Imperial City Marrakesh, the Fabulous, the Glorious, is unofficial capital of the south and justly known as one of the most legendary cities in the world. It has a different atmosphere from the other cities, more African, more Berber, more Moroccan, with a kaleidoscopic beauty and wildness that not only draws people from the surrounding plains and the desert but thousands from all over, backpackers, poets, celebrities and everyday tourists all of whom have succumbed to its spell. Most find what they seek, the hint of adventure, excitement, peace, certainly the sheer joy of different races, age groups, languages, rich and poor, mixing with ease in a magic environment. It works the miracle of being a city thronged by people, yet remaining a sun- blessed oasis of vibrant colour, birdsong, leafy surroundings and fragrant aromas.
From the Saharan tents of desert warriors sprung the garden city founded in 1062. Today it is centered in an oasis, 13,000 hectares of palms, the enchanting Palmeraie, that tradition claims is the legacy of the date-eating soldiers who first garrisoned there.
The superb Medina, now listed as a UNESCO World Heritage site, is girdled by seven miles of rose pink ramparts more than 1,000 years old, punctuated by 200 towers and ten gates through which Moorish troops once galloped to conquer Spain. The imperial city of the Almoravid and Almohad sultans, in their time, acknowledged leaders of Western Islam, has a backdrop that seems designed by a celestial artist, the snow-capped mountains of the Atlas, soaring to 13,000 ft. If Fez seems to guard the inner nature of Morocco, Marrakesh presents its extrovert face.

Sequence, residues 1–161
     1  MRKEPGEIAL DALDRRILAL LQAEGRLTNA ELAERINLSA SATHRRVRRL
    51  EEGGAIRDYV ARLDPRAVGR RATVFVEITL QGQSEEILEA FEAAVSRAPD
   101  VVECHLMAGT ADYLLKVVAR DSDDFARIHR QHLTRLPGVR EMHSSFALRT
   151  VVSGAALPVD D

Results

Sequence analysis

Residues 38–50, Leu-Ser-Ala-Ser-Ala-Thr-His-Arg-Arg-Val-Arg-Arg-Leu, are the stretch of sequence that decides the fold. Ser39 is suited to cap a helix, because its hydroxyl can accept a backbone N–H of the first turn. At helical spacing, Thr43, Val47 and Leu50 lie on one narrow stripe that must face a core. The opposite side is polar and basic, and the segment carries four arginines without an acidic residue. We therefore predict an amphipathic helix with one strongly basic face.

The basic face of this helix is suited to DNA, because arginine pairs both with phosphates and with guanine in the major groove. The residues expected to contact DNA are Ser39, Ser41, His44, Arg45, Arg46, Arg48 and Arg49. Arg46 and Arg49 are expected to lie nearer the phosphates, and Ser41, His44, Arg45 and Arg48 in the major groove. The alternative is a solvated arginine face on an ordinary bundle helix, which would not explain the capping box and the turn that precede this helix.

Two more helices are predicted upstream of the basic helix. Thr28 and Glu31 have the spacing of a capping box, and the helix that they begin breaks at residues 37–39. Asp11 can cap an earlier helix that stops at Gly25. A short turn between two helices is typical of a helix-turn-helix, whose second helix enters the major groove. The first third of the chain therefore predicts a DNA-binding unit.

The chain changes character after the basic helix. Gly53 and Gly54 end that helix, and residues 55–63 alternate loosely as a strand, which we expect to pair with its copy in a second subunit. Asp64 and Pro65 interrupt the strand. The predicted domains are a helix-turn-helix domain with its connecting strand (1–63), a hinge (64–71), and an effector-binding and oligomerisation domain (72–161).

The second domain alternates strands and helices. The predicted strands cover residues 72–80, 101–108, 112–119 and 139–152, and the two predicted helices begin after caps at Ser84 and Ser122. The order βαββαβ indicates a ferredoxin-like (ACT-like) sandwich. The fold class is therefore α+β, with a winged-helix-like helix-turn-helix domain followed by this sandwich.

Marrakesh understandably draws the major portion of tourists but it is also a place of commerce and entertainment for Berbers from the mountains, Blue men from the desert and the dark-skinned Senegalese from beyond. Even the name Morocco is derived from Marrakesh.
At the centre of the Medina is a stunning maze of covered souks, some of the best in Morocco, selling everything from cheaper wares to the finest silks, textiles, spices, herbs and perfumes and the exquisite works of master craftsmen of jewellery, silver and gold, leather, wood and metals.
Nothing, however, can cap the impression made by the huge Djemma el Fna, ‘Assembly of the Dead’ a square so-called because the heads of conspirators were once displayed there. Reputedly the largest in Africa, it has drawn visitors for centuries.